Apogon quadrisquamatus

Common Name

Sawcheek Cardinalfish

Year Described

Longley, 1934


Dorsal Fin: VI, I-9
Anal Fin: II, 8
Pelvic Fin: I, 5
Pectoral Fin: 12
Gill Rakers: 3 upper, 12-14 lower
Vertebrae: 10 precaudal, 14-15 caudal

A small fish with a fairly robust and moderately compressed body. Eye is large and the snout short and rounded. Interorbital wider (8.2-10.4% SL). Mouth is fairly large and oblique, with the lower jaw slightly protruding. Both jaws, palatine, and vomer with narrow bands of villiform teeth (no canines). Preopercular edge with a heavily serrate margin. Preopercular flap does not extend past the preopercular rear margin. There are two dorsal fins. The caudal fin is slightly emarginate. Body scales ctenoid. Predorsal scales number 3-5. Scales around the caudal peduncle 16-18.


Body pale orange to reddish brown, with a dense speckling of melanophores on the head and body. The pigment sometimes forms indistinct stripes on the rear body. A dark band usually present under eye. A dark diffuse blotch on the caudal peduncle. Eye is dark. The fins are pale to bright yellowish.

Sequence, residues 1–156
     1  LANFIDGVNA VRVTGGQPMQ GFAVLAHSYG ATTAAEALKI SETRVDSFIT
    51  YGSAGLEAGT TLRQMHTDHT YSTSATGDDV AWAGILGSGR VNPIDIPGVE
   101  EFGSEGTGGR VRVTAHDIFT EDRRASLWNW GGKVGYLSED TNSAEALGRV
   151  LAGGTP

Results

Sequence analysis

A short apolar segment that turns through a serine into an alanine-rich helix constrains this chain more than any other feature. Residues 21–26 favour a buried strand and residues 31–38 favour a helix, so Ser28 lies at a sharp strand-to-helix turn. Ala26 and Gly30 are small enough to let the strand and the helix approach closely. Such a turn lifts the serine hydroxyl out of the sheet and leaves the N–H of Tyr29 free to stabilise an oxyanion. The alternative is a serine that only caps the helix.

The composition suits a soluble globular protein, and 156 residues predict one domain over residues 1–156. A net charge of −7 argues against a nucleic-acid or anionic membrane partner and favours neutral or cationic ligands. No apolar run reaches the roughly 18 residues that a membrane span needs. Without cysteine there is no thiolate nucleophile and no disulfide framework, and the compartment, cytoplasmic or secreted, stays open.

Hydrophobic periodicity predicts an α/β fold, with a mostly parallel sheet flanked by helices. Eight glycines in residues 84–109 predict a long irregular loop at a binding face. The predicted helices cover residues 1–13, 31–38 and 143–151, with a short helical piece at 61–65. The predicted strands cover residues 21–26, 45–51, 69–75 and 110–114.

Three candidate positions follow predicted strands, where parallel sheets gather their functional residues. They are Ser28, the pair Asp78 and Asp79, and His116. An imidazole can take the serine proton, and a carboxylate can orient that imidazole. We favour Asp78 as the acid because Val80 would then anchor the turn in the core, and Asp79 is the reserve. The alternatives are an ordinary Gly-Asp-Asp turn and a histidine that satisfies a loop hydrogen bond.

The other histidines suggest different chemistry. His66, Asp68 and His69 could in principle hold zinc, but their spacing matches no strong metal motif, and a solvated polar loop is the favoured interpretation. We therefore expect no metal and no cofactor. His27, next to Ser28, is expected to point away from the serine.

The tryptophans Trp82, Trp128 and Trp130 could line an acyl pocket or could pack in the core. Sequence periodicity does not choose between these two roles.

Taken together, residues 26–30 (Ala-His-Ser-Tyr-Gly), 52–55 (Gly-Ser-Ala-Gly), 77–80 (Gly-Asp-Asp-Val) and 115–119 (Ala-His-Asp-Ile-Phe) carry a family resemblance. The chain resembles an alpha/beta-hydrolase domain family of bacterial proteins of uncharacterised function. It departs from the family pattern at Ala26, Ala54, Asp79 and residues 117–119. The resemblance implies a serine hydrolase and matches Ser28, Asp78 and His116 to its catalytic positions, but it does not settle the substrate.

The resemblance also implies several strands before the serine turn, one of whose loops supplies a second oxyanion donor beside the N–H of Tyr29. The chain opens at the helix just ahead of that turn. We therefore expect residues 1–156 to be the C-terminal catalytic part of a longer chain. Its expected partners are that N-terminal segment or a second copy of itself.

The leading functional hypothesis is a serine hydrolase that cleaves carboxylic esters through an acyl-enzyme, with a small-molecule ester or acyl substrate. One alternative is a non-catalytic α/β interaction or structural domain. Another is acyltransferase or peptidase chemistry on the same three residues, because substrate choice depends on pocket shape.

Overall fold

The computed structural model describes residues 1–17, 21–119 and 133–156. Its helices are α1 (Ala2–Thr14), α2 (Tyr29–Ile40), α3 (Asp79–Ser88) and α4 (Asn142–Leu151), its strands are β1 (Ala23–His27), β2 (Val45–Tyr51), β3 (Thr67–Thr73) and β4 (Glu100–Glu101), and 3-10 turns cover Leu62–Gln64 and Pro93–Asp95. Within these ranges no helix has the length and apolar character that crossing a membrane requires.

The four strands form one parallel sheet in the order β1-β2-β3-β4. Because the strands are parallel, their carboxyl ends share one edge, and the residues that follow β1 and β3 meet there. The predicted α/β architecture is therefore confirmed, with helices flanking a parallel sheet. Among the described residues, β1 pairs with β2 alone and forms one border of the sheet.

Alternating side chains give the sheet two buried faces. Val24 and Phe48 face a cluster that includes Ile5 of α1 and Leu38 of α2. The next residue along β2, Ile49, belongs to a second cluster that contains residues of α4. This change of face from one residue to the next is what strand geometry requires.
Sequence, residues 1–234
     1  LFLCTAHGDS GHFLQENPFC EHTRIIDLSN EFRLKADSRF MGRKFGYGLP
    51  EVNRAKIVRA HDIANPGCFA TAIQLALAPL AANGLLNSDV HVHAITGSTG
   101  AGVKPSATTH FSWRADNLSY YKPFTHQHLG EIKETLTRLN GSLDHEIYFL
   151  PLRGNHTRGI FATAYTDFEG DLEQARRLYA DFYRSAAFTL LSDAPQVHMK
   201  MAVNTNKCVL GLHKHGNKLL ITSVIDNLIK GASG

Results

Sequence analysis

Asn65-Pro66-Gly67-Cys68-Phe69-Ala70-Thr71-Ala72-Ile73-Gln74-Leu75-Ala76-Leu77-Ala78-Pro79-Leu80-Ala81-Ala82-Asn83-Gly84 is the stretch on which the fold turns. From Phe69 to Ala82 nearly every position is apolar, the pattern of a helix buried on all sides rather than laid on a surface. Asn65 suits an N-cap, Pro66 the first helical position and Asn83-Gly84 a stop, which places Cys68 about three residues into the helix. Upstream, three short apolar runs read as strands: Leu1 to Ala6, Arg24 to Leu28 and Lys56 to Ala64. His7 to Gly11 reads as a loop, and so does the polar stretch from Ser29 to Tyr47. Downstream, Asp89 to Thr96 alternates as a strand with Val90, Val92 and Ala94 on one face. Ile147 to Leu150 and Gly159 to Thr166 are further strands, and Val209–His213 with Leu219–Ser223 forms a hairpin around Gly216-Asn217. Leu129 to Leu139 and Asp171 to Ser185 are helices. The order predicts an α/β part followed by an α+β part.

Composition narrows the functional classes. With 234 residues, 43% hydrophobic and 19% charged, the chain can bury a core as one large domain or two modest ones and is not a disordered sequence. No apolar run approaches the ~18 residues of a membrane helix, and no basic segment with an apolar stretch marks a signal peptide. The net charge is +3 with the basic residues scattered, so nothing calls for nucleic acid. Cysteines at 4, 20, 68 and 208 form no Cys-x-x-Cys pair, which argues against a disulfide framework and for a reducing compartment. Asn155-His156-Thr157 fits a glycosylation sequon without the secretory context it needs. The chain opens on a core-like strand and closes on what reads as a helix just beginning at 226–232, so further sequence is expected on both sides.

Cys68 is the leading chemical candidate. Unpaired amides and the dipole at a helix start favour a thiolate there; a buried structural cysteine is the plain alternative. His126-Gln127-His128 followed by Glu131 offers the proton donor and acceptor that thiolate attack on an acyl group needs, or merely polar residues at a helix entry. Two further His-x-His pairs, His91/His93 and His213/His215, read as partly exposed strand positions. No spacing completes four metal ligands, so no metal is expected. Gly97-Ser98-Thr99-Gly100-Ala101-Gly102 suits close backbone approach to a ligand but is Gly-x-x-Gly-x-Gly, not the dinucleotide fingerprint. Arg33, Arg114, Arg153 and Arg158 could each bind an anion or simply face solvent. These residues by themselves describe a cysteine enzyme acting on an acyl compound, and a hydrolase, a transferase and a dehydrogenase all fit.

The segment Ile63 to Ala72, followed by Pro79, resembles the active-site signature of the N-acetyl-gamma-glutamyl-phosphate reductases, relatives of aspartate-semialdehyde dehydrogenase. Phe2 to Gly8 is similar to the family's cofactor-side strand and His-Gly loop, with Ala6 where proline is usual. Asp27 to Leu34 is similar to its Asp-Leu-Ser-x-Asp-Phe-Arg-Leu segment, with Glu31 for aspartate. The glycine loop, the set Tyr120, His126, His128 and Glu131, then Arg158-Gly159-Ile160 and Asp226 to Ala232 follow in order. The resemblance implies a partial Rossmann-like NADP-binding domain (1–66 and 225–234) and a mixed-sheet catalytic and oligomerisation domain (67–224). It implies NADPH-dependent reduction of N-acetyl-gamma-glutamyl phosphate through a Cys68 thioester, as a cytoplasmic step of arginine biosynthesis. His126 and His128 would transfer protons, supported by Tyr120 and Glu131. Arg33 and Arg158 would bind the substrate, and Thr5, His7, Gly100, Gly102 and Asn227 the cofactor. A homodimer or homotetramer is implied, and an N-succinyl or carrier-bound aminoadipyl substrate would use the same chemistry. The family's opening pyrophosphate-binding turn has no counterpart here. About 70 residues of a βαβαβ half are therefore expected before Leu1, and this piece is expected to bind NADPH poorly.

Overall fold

Maximum size to 59mm SL.


Found on coral reefs, seagrass beds, and rocky areas from 12-60m. Often found in association with sea urchins and sea anemones.


S. Florida to Brazil, including the E. Gulf of Mexico and the Caribbean Sea.


Baldwin, C. C., Brito, B. J., Smith, D. G., Weigt, L. A. and Escobar-Briones, E. 2011. Identification of early life-history stages of Caribbean Apogon (Perciformes: Apogonidae) through DNA Barcoding. Zootaxa, 3133: 1-36.

Gon, O. 2002. Apogonidae (pp 1386-1391). In: Carpenter. 2002. The living marine resources of the Western Central Atlantic. Vol. 3: Bony fishes part 2 (Opistognathidae to Molidae), sea turtles and sea mammals. FAO Species Identification Guides for Fisheries Purposes. American Society of Ichthyologists and Herpetologists Special Publication No. 5.

McEachran, J.D. & J.D. Fechhelm. 2005. Fishes of the Gulf of Mexico. Volume 2: Scorpaeniformes to Tetraodontiformes. University of Texas Press, Austin. i-viii +1-1004.

Other Notes

Baldwin et al. (2011) provided genetic evidence of two genetic lineages under the name A. quadrisquamatus. One of these may represent a new species.